"There is something magic about the Chris O'Brien Lifehouse atmosphere...and thanks to this place I’ve been able to watch my grandkids grow up.”  Norman Campbell - Patient and Regular Giver

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Rural & Regional Vehicle

Currently, we have the pleasure of extending our much-needed services to ten regional communities spread across both NSW and the ACT. Our long-term goal is to continue this growth, for the life-saving assistance we provide. The clinics we operate within these regions are vital. They provide easily accessible healthcare for patients by bringing cancer specialists directly to them.

This way, we can ensure faster access to essential treatments. It's invaluable in the battle against cancer, increasing patient’s chances of survival and improving their quality of life. It gives them a chance in places where such help was previously hard to find.

Now, we have an urgent matter at hand. Through this edition of OpenHouse, we are raising funds for a new vehicle for the Chris O’Brien Lifehouse. Our current car, which was a life artery of our rural and regional program, unfortunately, broke down recently and is beyond practical repair. We urgently need a replacement. The vehicle is absolutely crucial in maintaining our level of care. It will enable us to continue providing our high-quality services and offer hope to rural communities who may otherwise be isolated in their fight against cancer.

With your help, we can keep moving forward.

Ringing in the Decade

On April Fool’s Day in 2014, Norman Campbell got a call from his GP. The results from his recent scan were in and he was diagnosed with stage 4 lung cancer. He was in shock. He had retired in 2006, and after recovering from a previous bypass surgery he had tried to live an active, healthy lifestyle, walking or cycling 10km every morning, followed by some laps in the water.

In a moment, the life of a loving husband, father and grandfather was drastically changed. When asked where he wanted to be referred, Norman emphasised, “Send me to the best place.” His GP referred him to the brand-new Chris O’Brien Lifehouse.

After several more tests and consultations, Norman was told that he was likely to live another six to eight months. He underwent a grueling schedule of chemotherapy and radiotherapy over a six-week period, but after three months, the tests showed his cancer had spread. Norman now had 23 tumours, some “as big as tennis balls.”

With his last bit of hope, Norman began searching for another avenue, anything that might give him a chance at treating his cancer. He’d been told about a clinical trial, but it was predicted it may only extend his life by two months, and he worried about the impact on his quality of life. His family and doctors, Steven Kao and Prof Michael Boyer, encouraged him to take a chance.

Norman took the leap and says, “The trial really did give me some hope that I could beat this thing.” Norman underwent treatment for a total of seven years, but the doses of the medication administered through his clinical trial increased and he began experiencing neuropathy, a side effect of treatment where nerves are damaged and numbness or tingling in the hands and feet can occur.

When the treatments stopped, Norman was warned that the cancer may return but miraculously, it didn’t. “Every day is a bit of a challenge, but I wake up and am so grateful. Before this, I didn’t realise life was so precious. I’m just about well. I will soon be three years without any treatment,” says Norman.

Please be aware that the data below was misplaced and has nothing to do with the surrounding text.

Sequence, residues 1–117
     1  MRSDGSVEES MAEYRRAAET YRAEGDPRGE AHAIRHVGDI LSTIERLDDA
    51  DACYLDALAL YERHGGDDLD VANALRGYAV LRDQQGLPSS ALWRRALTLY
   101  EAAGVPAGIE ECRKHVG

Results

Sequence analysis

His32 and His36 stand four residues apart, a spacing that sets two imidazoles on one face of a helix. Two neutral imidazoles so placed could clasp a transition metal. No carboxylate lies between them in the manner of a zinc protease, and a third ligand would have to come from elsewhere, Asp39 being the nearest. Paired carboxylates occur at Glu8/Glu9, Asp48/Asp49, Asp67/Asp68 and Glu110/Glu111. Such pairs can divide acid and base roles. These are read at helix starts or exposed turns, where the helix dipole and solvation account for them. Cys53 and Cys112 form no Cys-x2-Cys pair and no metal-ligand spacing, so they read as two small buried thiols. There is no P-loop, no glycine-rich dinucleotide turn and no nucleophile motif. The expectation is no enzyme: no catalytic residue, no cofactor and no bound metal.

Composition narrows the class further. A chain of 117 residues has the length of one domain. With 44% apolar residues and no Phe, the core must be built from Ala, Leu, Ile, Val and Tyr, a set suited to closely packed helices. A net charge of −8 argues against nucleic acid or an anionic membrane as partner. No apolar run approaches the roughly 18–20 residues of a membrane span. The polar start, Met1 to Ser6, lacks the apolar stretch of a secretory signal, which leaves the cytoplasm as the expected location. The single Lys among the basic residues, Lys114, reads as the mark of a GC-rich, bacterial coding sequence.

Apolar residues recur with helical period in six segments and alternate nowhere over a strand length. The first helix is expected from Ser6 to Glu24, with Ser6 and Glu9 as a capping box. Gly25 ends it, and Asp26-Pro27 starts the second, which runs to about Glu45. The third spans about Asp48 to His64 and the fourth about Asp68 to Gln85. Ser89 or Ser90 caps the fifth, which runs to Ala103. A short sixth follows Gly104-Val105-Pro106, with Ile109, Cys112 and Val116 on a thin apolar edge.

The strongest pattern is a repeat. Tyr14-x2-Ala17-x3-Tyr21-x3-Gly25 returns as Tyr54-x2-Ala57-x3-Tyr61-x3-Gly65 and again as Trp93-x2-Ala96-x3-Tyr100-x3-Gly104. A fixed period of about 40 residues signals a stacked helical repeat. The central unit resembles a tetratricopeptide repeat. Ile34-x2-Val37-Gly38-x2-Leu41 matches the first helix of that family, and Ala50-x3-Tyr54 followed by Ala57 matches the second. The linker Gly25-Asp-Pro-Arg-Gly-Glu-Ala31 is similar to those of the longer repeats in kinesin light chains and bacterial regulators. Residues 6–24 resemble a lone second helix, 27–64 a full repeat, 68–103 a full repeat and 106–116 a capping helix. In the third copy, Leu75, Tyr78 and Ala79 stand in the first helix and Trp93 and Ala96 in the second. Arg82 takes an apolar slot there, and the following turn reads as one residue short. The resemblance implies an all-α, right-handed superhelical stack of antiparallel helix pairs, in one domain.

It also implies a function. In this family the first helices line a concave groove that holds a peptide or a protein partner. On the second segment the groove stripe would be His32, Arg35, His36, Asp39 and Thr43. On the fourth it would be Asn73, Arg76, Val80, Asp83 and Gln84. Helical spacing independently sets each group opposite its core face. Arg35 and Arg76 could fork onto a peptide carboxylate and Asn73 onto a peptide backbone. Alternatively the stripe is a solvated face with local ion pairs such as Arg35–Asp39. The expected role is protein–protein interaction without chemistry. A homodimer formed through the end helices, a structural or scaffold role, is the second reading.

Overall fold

Now 10 years on from his first visit, Norman came in to ring the bell. It wasn’t here when he first visited and is used to celebrate milestones such as finishing treatment. On the 6th February 2024, Norman finally rang the bell together with Dr Kao, surrounded by the amazing staff who have supported him on his journey so far. It was an emotional and joyous occasion for Norman and all those surrounding him in that special moment. Norman is grateful for the staff who helped him throughout his journey and who hoped for him at the times he couldn’t.

To support others in their journey and to give the gift of hope to others, Norman decided to leave a gift in his will and become a regular giver and member of the Discovery Centre, helping to support patient care and drive research. We asked Norman what sparked him to become a donor and leave a bequest.

He said, “As a patient who survived, who was surviving once I got the trial, it extended my life every month, and I’m still here…the drugs, the atmosphere, there is some magic at Chris O’Brien Lifehouse…the choir, someone on the piano, the research going on… Everyone should have access to the best care, to a long life, and a cure. It’s a great cause and thanks to this place I’ve been able to watch my grandkids grow up.”

The Sound of Hope

On the 6th February, 2024 Norman finally rang the bell on Chris O'Brien Lifehouse, together with Dr Kao.

He was surrounded by the amazing staff who have supported him on his journey so far.

It was an emotional and joyous occasion for Norman and all those around him in that special moment. 

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About Chris O'Brien Lifehouse

Chris O’Brien Lifehouse is a not-for-profit, comprehensive cancer hospital in Sydney. From screening to prevention, diagnosis, treatment and wellness, we treat all types of cancer, specialising in those that are complex and rare. We offer patients every service and therapy that they need including surgery, chemotherapy, radiation therapy, complementary therapies and supportive services, all under the one roof.

Everyone needs hope. We live on hope.
- Professor Chris O’Brien AO

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